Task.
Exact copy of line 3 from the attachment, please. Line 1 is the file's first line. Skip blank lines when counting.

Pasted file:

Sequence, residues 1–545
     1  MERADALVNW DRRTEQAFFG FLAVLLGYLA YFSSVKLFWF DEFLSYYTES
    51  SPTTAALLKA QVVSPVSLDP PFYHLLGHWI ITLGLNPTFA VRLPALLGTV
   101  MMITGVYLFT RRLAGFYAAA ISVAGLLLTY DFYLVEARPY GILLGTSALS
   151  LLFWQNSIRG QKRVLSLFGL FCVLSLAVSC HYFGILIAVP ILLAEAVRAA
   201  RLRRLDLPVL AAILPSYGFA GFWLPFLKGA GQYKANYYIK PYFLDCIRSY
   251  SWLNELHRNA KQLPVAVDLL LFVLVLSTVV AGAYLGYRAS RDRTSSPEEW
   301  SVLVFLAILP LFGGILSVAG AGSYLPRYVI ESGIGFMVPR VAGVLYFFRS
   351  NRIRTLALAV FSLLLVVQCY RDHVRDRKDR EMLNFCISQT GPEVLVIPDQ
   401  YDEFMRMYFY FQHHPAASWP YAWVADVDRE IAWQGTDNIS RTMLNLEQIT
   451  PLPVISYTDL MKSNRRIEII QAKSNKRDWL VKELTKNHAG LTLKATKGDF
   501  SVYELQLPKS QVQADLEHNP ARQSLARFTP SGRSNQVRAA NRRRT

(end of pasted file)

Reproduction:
    51  SPTTAALLKA QVVSPVSLDP PFYHLLGHWI ITLGLNPTFA VRLPALLGTV